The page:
In 1941 Kirke Leonard was growing up on Cape Cod, Massachusetts. He was starting his first year in high school. A few months later in December, with the attack on Pearl Harbor, World War II started. His father, Parker Leonard, an accomplished pilot and designer/builder of gliders, moved the family to California and offered his expertise to North American Aircraft to assist in the war effort.
While he was recognized as a talented aeronautical engineer, his expertise was in design and construction using wood and cloth, not the stuff of fighter aircraft such as aluminum and metal. So back to Cape Cod the family went. While there, Parker met with a person that informed him that the Navy was looking for someone who could design and manufacture training gliders for them and Parker was their man. He moved the family to Connecticut, where the manufacture of the gliders was performed. His son Kirke, was used to working around the Leonard foundry and machine shop back on the Cape as well as participating in his father’s aeronautical creations.
After completing high school Kirke went to Worchester Polytechnical Institute and graduated in 1951 with a baccalaureate science degree in mechanical engineering. His best friend in college had gotten a 1951 MG-TD and Kirke enjoyed the sports car that was key to bringing road racing to America. Within a week after graduation Kirke headed for California where he saw as the center of hot rodding, aircraft design, and racing.
He owned several cars including his own MG-TC and got a taste of road racing. Several cars later he decided to try his hand at building his own sports car. He liked the body style of the Jaguar C-type and built a clay model of a similar body for his own car.
He found a Jaguar Mark VII parts car and used the engine and transmission from it.
He also got to know a couple of guys who had come to California from England who had experience in fabricating bodies from aluminum and who had brought a metal forming tool known as an English Wheel with them.
Kirke built the wooden body bucks that they would use as guides for shaping the aluminum sheets into body panels. Kirke learned how to use a body hammer and dolly to finish the job.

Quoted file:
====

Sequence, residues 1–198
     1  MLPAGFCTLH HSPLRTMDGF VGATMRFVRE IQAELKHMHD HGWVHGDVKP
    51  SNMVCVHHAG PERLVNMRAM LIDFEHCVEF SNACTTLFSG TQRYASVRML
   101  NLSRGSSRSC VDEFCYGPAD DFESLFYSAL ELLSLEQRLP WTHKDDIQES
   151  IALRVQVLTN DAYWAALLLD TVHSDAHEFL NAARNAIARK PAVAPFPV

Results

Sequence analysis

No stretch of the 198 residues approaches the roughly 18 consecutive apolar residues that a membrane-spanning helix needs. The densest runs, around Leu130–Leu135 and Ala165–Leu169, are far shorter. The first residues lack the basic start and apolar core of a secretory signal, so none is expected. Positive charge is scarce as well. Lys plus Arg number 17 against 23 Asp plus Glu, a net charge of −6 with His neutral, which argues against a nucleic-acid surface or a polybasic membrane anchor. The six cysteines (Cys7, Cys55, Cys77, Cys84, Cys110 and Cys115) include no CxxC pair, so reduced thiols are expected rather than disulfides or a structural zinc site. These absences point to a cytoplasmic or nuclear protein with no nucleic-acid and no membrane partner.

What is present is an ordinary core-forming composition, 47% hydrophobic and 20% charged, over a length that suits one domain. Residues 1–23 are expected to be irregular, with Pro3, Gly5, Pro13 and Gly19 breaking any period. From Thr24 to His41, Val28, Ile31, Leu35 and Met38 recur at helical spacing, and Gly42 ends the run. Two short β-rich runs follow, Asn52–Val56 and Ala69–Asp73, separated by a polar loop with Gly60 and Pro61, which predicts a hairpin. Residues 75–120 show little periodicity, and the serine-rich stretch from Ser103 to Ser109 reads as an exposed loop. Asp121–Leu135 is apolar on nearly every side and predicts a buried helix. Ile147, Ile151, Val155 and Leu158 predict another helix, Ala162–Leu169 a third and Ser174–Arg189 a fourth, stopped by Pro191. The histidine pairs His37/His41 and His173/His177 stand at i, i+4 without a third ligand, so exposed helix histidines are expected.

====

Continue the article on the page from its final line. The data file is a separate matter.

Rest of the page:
He built the frame himself starting with the main tubes that were six inches in diameter. He had not been able to find such tubing in the thickness he wanted so he had them made from flat stock that was curled into a tube that he seam welded using oxy-acetylene gas welding.
The rear axle was from a Studebaker and he calculated what he needed for coil springs and had them made to his specifications. He also designed his own trailing arm suspension for the front and rear.
The front axle was built by Frank Curtis to use Ford king pins and spindles that would allow for Jaguar wheels using knock-off hubs.
Buick drum brakes were used front and rear as they were the most durable available at the time. Disc brakes were not found on cars sold in America for several years.
Knowing that cooling was a critical element he used a large Ford radiator rather than the smaller Jaguar one.
With the frame and drivetrain completed the body was fitted.
Kirke cut out the head light nacelles and equipped the car with all the required bit such as horn, tail lights, etc.
Kirke registered it as a Jaguar Mark VII sedan, to which it bore no resemblance, but it kept the DMV happy.
He drove it for a few years putting on perhaps 300 miles before he decided to start another project. So he posted an advertisement in the LA Times and sold the car. Who knows where it is today.
Kirke went on to work in the aerospace industry contributing to the Apollo project as well as constructing his brother-in-law’s prize winning human powered aircraft – the Gossamer Albatross.
Now in his nineties, Kirke still like to design aircraft and enjoy the California life.
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